Some believe that the close maternal relationship between Isis and Horus presented in ancient Egyptian imagery were incorporated into later Christian iconography.[17][33] In particular, the depictions of Mary and Jesus from Our Lady of Perpetual Help and the Black Madonna of Częstochowa share many similarities to extant ancient Egyptian art depictions of Horus and Isis.[34] Egyptologist Erik Hornung wrote that "There was an obvious analogy between the Horus child and the baby Jesus and the care they received from their sacred mothers; long before Christianity, Isis had borne the epithet 'mother of the god.'"[35]

This is the result of early Christian exposure to Egyptian art. In a survey of "twenty leading Egyptologists" by Dr. W. Ward Gasque, a Christian scholar, found that all who responded recognised "that the image of the baby Horus and Isis has influenced the Christian iconography of Madonna and Child" but that there were no other similarities, e.g. no evidence that Horus was born of a virgin, had twelve followers, etc.[36]

Child deities

[37] Shed is an Ancient Egyptian deity, popularly called, 'the savior' and is first recorded after the Amarna Period.[38] Representing the concept of salvation he is identified with Horus and in particular "Horus the Child".[39] Rather than have formal worship in a temple or as an official cult, he appears to have been a god that ordinary Egyptians looked to save them from illness, misfortune or danger.[40] He is shown on the Metternich Stela as vanquishing danger in the form of a serpent, a scorpion and a crocodile.[41]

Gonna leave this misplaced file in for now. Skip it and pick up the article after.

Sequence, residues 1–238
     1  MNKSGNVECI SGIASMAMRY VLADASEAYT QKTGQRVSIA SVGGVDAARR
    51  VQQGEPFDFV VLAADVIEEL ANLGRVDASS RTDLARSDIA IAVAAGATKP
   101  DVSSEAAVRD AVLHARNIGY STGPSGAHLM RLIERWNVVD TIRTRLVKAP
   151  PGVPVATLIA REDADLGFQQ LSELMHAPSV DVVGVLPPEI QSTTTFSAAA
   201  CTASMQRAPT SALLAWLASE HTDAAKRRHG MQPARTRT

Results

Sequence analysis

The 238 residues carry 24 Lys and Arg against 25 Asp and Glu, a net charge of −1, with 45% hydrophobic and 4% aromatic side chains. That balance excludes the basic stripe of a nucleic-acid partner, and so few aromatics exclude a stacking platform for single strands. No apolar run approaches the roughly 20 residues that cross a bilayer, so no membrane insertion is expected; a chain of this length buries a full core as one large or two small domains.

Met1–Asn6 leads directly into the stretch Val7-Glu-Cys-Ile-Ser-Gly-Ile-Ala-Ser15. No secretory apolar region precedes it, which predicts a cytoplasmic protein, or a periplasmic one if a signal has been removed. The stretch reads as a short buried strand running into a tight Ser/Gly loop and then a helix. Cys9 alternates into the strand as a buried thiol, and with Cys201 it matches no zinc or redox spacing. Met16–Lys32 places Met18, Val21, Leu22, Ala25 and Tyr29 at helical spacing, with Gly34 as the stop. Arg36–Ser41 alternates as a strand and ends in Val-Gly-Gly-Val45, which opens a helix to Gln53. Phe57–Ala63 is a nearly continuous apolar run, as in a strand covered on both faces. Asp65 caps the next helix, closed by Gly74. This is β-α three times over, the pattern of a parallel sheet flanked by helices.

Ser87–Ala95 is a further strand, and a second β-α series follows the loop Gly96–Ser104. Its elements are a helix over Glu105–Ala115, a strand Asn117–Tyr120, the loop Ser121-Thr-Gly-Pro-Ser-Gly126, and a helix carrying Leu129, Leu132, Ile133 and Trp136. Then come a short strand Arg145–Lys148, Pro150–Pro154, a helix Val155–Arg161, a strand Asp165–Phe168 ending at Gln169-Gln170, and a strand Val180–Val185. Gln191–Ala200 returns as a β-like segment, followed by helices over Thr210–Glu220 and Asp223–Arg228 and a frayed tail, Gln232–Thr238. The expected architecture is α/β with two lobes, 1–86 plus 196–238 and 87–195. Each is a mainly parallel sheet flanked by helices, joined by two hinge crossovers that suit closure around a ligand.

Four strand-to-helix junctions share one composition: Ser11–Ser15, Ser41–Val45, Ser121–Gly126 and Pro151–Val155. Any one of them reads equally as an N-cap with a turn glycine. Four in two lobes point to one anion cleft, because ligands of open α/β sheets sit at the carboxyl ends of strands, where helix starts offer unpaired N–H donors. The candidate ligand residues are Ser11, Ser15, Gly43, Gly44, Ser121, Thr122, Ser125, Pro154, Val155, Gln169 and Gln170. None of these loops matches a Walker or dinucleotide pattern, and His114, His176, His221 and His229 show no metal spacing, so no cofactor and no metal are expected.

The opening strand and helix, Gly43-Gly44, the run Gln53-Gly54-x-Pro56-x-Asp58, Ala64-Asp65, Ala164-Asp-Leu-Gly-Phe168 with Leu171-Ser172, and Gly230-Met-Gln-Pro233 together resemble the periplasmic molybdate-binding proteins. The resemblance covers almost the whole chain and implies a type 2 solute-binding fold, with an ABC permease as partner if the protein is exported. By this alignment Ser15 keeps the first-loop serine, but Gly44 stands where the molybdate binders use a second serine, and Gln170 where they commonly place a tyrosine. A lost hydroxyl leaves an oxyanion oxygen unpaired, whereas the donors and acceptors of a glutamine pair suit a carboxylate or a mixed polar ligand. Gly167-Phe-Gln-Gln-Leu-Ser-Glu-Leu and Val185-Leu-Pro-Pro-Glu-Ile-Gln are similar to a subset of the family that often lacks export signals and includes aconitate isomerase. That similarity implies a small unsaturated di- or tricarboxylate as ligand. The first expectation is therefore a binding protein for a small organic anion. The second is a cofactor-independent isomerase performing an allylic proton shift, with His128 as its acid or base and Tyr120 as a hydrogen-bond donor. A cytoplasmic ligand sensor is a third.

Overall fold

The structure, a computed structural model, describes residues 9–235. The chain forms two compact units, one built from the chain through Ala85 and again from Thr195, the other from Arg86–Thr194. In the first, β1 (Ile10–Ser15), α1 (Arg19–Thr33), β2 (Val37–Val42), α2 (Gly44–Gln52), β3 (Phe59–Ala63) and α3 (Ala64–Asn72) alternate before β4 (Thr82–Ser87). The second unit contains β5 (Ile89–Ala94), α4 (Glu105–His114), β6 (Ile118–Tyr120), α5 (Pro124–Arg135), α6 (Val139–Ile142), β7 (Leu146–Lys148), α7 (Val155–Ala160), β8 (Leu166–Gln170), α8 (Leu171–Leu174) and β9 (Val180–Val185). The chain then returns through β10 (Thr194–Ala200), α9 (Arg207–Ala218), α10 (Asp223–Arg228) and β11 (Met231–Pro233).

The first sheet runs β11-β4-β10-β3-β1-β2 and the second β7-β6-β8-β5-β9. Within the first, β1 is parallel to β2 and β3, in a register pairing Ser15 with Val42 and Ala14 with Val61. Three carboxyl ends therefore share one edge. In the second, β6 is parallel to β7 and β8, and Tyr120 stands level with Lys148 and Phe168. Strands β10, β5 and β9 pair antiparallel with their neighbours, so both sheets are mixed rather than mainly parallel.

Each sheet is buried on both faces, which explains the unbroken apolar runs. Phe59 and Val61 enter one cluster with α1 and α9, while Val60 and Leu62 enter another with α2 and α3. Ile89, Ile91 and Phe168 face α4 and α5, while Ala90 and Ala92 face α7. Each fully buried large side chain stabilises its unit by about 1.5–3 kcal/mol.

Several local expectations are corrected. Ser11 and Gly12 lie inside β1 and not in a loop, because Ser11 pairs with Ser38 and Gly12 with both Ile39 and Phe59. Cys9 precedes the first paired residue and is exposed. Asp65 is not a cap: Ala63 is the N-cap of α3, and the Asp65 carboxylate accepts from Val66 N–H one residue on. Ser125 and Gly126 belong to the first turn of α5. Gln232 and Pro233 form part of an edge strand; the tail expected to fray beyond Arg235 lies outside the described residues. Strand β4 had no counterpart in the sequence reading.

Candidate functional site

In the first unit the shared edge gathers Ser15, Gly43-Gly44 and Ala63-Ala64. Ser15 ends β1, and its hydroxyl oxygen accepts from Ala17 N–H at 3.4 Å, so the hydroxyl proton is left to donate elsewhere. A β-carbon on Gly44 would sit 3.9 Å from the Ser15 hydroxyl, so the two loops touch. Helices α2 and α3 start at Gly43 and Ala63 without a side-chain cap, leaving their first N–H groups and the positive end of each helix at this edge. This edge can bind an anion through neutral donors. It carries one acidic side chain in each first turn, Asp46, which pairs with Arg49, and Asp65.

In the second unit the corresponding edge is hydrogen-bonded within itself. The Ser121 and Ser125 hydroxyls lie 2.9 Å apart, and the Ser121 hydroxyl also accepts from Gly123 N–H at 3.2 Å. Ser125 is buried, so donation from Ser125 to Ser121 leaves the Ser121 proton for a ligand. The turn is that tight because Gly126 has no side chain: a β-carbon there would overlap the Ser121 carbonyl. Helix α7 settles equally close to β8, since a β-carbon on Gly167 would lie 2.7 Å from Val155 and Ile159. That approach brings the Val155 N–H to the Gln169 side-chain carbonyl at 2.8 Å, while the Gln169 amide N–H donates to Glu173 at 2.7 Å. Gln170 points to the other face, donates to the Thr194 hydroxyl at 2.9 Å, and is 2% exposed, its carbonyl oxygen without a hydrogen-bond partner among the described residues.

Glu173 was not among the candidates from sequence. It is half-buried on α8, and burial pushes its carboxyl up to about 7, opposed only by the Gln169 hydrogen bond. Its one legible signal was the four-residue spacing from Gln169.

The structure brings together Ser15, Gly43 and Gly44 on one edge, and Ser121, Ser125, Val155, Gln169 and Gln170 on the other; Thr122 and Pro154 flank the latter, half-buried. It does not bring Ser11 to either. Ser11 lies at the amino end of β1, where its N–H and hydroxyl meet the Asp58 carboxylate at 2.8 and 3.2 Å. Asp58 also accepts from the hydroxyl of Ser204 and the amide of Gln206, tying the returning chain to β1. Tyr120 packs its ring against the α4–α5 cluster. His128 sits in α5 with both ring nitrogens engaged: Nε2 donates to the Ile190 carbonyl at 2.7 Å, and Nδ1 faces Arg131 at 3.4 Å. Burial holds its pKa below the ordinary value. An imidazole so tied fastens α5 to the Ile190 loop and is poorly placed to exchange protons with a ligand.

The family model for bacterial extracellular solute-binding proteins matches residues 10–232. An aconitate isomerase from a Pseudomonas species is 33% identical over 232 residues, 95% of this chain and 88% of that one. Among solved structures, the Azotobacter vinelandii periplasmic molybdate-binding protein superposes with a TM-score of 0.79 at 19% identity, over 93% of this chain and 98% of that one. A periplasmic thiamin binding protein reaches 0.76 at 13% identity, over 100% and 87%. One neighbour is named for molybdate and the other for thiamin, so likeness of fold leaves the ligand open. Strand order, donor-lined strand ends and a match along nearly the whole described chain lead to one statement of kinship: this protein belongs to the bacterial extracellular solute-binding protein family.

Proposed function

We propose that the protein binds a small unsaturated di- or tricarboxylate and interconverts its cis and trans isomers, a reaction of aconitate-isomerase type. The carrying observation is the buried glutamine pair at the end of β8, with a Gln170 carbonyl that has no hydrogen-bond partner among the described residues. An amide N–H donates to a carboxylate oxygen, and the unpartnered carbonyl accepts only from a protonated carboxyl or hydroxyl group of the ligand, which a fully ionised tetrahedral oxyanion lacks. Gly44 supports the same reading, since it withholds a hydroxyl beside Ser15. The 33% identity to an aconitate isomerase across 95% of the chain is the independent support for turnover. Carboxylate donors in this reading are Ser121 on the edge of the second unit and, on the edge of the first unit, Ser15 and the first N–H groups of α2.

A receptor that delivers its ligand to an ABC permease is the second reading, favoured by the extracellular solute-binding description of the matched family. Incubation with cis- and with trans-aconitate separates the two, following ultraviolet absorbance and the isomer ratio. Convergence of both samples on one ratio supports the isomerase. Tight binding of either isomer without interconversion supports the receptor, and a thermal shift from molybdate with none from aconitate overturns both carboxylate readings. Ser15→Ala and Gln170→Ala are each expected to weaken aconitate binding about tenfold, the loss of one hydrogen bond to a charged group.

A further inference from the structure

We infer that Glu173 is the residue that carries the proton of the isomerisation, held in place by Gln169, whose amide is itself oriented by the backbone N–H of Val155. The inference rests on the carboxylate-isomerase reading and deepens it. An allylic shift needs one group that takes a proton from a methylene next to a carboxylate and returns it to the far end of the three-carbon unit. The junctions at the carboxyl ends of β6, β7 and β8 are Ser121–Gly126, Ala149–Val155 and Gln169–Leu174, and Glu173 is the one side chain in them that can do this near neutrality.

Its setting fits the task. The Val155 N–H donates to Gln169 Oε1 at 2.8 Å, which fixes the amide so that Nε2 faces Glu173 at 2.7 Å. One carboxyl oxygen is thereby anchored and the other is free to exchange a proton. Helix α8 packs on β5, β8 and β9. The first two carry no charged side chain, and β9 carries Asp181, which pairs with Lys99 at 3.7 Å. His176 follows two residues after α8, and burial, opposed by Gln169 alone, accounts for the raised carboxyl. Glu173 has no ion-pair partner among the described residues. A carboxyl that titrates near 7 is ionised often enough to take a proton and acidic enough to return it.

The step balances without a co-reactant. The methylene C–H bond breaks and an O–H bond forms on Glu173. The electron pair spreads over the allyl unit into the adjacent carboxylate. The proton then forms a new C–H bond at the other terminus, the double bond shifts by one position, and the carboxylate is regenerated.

The rise of "Savior" names in personal piety during the Amarna period has been interpreted as the popular response of ordinary people to the attempts by Akhenaten to proscribe the ancient religion of Egypt. Shed has also been viewed as a form of the ancient Semitic god Reshef.[42] Shed can be depicted as a young prince overcoming snakes, lions and crocodiles.[43]

Shed has been viewed as a form of savior, a helper for those in need when state authority or the Kings help is wanting. The increased reliance on divine assistance could even extend to saving a person from the underworld, even to providing a substitute, and lengthening a person's time in this world. In the New Kingdom Shed "the savior" is addressed on countless stelae by people searching or praising him for help.[44]